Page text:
Until quite recently, it was common for Queensland residential leases to include special terms requiring tenants to pay for certain services as part of the tenancy agreement. The Queensland Residential Tenancies Authority (RTA) has recently made it quite clear that such special terms are in breach of s171 of the Residential Tenancies Act and are, therefore, illegal and unenforceable. Penalties can now be applied to agents or landlords who do not comply.
Three examples that are most typical of this practice and to be wary of are:
requiring a tenant to have carpets professionally cleaned when they vacate
requiring a tenant to have professional pest and flea treatments undertaken
requiring a tenant to purchase pool chemicals
The RTA have highlighted that the Act requires the tenant to leave the property in the same condition it was at the start of the tenancy, fair wear and tear excepted. This means that if the carpets were clean, the property pest free and the pool water clean when the tenants move in - that must be the condition they are in when they move out. However, it DOES NOT mean the tenant has to use professional services to produce this result. If the tenant wants to clean the carpet, do the pest control and/or maintain the pool themselves – they can, provided they leave the premises in the same condition it was in at the start of the tenancy, fair wear and tear excepted.
So, the bottom line is: agents and landlords can no longer include a special term in a lease compelling tenants to use professional services and requiring them to produce a receipt to prove it.
What does this mean for tenants?
Many agents use standard Real Estate Institute of Queensland (REIQ) Special Terms. Clause 47(2) of these special terms sets out the obligations of the tenant at the end of the tenancy and covers carpet, cleaning, pest control and pool handover and other matters. Those conditions are in compliance with the Residential Tenancies Act – and you still need to abide by these if they are in your lease – but special conditions that expressly require you to hire professional services to clean etc. are no longer enforceable. This does not mean you cannot choose to hire professionals to clean the premises etc. (and many tenants will and should still choose to do this). Rather, it means you can no longer be required to do this as part of the lease.
Carpet cleaning and pest control
As noted, carpets and pest control is still likely to be done by professionals. Where this occurs, a tenant can request a receipt for this work from the agent at entry to prove that this was done prior to entry. A thorough agent would make specific notations in the entry condition report that these items were attended to by professionals. Obtaining this information upfront clarifies the standard that a tenant has to meet at the end of their tenancy and avoids issues at a later date. A tenant may choose to attend to these matters themselves, but the work must then match the professional standard. Failure to do so can warrant a claim on the bond. A tenant may also choose to have the work done by another professional, not one recommended by the agency.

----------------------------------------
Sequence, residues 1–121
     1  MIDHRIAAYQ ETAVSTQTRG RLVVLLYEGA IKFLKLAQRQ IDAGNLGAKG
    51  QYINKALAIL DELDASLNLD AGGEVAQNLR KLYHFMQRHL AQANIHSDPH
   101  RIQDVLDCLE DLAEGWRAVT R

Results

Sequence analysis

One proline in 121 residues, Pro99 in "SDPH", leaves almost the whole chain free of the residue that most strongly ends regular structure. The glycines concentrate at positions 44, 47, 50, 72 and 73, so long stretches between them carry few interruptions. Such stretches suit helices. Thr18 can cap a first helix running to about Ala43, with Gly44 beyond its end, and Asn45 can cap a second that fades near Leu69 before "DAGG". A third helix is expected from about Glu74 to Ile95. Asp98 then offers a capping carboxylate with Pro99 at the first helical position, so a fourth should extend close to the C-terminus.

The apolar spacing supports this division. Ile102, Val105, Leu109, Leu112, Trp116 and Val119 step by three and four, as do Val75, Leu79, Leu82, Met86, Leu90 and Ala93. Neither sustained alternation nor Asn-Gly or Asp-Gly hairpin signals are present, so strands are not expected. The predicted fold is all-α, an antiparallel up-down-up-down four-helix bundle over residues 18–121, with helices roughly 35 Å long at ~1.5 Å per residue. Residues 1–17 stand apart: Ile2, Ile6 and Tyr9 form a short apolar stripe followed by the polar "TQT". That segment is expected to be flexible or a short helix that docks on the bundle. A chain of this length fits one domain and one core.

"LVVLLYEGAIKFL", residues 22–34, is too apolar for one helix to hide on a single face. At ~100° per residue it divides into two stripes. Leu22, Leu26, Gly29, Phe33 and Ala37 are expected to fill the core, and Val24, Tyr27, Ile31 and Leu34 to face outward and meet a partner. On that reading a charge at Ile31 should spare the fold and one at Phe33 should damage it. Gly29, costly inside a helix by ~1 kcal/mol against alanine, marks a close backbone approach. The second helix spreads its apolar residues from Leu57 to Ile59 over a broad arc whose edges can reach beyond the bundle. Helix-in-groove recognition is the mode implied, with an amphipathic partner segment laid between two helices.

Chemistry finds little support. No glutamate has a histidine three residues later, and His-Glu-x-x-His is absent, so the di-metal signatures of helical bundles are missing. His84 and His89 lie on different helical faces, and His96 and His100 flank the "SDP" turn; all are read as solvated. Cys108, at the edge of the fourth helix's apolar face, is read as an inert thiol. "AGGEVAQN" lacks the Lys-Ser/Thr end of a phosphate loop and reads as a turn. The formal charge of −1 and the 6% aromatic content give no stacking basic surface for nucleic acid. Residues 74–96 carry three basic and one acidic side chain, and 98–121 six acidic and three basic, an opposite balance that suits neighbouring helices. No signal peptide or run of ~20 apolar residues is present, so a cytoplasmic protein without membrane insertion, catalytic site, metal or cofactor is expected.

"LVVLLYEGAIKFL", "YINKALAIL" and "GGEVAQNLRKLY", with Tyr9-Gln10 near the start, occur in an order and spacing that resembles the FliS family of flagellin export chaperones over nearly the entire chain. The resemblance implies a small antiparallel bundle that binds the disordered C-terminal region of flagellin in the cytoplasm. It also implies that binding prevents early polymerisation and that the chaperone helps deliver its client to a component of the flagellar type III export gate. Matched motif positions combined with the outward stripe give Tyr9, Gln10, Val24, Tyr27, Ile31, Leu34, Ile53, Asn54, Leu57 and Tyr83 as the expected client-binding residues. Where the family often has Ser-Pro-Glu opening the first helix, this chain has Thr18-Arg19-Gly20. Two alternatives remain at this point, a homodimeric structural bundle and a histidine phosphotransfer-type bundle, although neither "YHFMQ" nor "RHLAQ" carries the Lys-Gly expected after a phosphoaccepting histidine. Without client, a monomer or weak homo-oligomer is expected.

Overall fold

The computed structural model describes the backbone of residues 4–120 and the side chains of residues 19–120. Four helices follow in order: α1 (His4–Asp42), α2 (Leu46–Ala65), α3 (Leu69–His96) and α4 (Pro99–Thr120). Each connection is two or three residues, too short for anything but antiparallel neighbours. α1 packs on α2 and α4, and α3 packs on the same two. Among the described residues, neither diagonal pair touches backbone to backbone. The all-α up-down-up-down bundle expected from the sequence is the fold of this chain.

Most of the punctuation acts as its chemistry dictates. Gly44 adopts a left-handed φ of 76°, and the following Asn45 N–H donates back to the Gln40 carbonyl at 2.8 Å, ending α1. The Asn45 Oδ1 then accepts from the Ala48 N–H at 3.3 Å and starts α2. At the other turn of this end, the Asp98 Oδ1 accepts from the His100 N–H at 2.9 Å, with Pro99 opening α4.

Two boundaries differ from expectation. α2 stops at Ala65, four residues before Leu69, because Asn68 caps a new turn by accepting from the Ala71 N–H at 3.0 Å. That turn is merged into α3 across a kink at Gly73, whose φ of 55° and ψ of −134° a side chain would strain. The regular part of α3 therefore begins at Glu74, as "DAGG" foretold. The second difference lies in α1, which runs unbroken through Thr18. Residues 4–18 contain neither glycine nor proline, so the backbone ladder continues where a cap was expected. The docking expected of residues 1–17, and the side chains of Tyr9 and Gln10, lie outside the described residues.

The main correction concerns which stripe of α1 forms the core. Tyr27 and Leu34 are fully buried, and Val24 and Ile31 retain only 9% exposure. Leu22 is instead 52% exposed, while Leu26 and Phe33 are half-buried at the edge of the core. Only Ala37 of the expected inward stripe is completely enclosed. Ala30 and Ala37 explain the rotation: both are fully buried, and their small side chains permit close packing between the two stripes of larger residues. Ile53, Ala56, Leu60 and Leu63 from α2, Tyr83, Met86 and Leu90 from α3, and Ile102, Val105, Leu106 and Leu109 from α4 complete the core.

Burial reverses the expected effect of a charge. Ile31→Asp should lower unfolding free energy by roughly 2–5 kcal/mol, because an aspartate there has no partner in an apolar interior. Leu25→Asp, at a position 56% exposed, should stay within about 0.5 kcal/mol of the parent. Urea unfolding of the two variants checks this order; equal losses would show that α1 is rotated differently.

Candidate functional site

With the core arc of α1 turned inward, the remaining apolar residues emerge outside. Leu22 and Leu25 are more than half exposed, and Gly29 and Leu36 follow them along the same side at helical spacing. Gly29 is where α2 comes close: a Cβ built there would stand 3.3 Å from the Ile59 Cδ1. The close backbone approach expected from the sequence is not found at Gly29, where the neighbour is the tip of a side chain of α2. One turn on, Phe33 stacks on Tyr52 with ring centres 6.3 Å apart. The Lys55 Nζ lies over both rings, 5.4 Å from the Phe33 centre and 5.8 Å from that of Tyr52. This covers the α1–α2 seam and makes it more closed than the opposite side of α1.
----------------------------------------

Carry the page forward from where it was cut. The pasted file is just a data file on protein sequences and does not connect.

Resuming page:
Tenants cannot be required to pay for pool chemicals. However, the lease can require the pool to be kept clean throughout the tenancy and handed over at the end of the tenancy in the same condition as noted on the entry condition report. The tenant can do this cleaning themselves and are under no obligation to hire a professional pool maintenance contractor.
It is not unreasonable to ask that the landlord pay for the first pool service (or provide a pool condition report from a professional pool company at entry) and provide instruction from a pool professional on how the pool should be maintained throughout the tenancy. It is also common practice for landlords to pay for a monthly pool service.
Review Special Terms Before You Commit
Lessors/agents must give a prospective tenant a copy of the General Tenancy Agreement (Form 18a) including any special terms before the tenant commits to the property – that is, before they pay any money or sign the agreement. Tenants should ensure that these are in fact provided and they have read through the standard lease terms as well as all special conditions and fully understand their obligations before paying across their non-refundable deposit to secure the property.
The RTA has now clarified that the long-standing practice of expressly requiring tenants to hire professionals to clean the premises etc. at the end of their lease and provide a receipt for such is no longer legal. However, as has been emphasised, it is still a tenants’ obligation to hand back the premises in the same condition (fair wear and tear excepted) as was received. It is therefore anticipated that tenants may still choose to hire professionals to do this work, particularly when the standard is high and/or they do not have the time or expertise to do the work themselves. The RTA has recognised that in some circumstances at least, such express requirements are not necessary and can be an onerous burden on the tenant who may very well be capable of doing the work themselves.